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    Chapter 10final Chapter 10final Presentation Transcript

    • Determining How Costs Behave
    • Cost Functions
      • A cost function is a mathematical representation of how a cost changes with changes in the level of an activity relating to that cost
    • Cost Terminology
      • Variable Costs – costs that change in total in relation to some chosen activity or output
      • Fixed Costs – costs that do not change in total in relation to some chosen activity or output
      • Mixed Costs – costs that have both fixed and variable components; also called semivariable costs
    • Cost Function Assumptions
      • Variations in the level of a single activity (the cost driver) explain the variations in the related total costs
      • Cost behavior is approximated by a linear cost function within the relevant range
        • Graphically, the total cost versus the level of a single activity related to that cost is a straight line within the relevant rage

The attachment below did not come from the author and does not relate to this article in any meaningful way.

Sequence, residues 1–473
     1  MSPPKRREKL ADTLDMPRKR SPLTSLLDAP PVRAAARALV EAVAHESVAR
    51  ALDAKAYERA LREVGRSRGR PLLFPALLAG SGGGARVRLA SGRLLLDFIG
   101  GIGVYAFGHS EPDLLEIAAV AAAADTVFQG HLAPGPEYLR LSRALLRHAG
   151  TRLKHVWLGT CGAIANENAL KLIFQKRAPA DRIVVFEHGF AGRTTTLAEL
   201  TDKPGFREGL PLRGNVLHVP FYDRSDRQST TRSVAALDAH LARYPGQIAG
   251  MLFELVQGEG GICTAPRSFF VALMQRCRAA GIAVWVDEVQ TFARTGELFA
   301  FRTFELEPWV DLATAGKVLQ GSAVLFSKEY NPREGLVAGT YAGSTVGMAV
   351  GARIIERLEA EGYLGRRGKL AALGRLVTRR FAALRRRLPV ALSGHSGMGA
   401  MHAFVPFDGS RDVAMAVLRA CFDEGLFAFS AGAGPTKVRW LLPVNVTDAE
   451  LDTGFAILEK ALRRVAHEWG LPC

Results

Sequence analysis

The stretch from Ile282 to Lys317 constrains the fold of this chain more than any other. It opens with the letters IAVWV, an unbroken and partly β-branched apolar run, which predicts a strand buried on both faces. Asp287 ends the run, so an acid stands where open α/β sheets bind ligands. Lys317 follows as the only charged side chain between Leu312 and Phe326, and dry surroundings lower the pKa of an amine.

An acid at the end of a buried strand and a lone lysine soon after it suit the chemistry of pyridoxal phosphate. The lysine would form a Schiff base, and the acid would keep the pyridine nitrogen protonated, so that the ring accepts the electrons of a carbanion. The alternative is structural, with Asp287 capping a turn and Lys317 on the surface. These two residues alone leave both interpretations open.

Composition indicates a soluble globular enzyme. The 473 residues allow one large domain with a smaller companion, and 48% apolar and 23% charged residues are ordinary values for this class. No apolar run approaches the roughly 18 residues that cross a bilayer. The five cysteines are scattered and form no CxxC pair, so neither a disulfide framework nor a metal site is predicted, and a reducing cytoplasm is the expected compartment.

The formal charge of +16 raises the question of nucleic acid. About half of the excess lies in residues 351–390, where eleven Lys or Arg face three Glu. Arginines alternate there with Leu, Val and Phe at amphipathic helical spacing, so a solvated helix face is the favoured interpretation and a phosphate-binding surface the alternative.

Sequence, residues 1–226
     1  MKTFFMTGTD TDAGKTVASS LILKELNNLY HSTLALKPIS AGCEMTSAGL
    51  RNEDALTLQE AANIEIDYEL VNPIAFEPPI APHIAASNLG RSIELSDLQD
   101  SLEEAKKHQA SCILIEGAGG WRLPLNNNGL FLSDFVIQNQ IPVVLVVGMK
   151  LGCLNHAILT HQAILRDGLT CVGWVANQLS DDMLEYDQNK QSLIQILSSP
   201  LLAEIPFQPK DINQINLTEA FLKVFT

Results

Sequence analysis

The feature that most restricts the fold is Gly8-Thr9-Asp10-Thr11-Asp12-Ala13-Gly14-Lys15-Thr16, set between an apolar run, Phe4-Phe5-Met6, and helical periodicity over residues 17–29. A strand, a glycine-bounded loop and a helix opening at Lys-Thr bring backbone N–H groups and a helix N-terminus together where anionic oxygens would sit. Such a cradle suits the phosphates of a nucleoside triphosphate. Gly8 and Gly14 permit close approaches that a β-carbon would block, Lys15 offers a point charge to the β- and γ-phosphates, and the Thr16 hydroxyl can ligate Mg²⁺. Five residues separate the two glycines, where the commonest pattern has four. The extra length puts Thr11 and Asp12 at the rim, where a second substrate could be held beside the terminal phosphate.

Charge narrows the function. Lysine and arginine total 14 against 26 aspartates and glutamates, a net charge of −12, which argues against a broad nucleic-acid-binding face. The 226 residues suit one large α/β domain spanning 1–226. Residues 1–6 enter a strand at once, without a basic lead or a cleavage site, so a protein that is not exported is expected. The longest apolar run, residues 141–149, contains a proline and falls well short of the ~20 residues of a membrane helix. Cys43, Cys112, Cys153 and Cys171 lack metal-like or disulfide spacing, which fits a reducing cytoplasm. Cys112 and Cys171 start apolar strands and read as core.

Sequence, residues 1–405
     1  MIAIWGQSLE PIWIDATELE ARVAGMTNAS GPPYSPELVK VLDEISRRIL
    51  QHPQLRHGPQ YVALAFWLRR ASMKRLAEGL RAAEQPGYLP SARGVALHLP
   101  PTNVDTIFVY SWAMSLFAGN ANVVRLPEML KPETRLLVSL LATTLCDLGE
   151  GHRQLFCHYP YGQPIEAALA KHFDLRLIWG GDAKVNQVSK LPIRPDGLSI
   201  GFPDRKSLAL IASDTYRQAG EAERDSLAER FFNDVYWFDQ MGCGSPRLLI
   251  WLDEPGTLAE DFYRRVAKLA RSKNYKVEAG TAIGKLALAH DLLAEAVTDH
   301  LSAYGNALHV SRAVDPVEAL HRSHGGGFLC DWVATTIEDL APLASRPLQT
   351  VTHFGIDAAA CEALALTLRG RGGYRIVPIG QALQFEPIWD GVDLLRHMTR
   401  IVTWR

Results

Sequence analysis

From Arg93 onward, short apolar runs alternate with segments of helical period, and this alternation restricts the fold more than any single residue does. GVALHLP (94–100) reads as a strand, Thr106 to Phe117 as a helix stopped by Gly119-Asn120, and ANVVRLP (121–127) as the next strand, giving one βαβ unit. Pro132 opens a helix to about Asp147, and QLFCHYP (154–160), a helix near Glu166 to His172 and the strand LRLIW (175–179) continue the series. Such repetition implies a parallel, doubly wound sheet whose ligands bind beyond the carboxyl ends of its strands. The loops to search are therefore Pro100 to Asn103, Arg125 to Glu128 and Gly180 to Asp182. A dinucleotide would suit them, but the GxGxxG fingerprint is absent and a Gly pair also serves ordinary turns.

• Bridging Accounting & Statistical Terminology Accounting Statistics Variable Cost Slope Fixed Cost Intercept Mixed Cost Linear Cost Function
    • y = a + bX The Dependent Variable: The cost that is being predicted The Independent Variable: The cost driver The Intercept: Fixed Costs The slope of the line: variable cost per unit
    • Linear Cost Functions Illustrated
    • Criteria for Classifying Variable & Fixed Components of a Cost
      • Choice of Cost Object – different objects may result in different classification of the same cost
      • Time Horizon – the longer the period, the more likely the cost will be variable
      • Relevant Range – behavior is predictable only within this band of activity
    • The Relevant Range Illustrated
    • Cause & Effect as it relates to Cost Drivers
      • The most important issue in estimating a cost function is determining whether a cause-and-effect relationship exists between the level of an activity and the costs related to that level of activity.
    • Cause & Effect as it relates to Cost Drivers
      • A cause-and-effect relationship might arise as a result of:
        • A physical relationship between the level of activity and costs
        • A contractual agreement
        • Knowledge of operations
      • Note: a high correlation (connection) between activities and costs does not necessarily mean causality
    • Cost Estimation Methods
      • Industrial Engineering Method
      • Conference Method
      • Account Analysis Method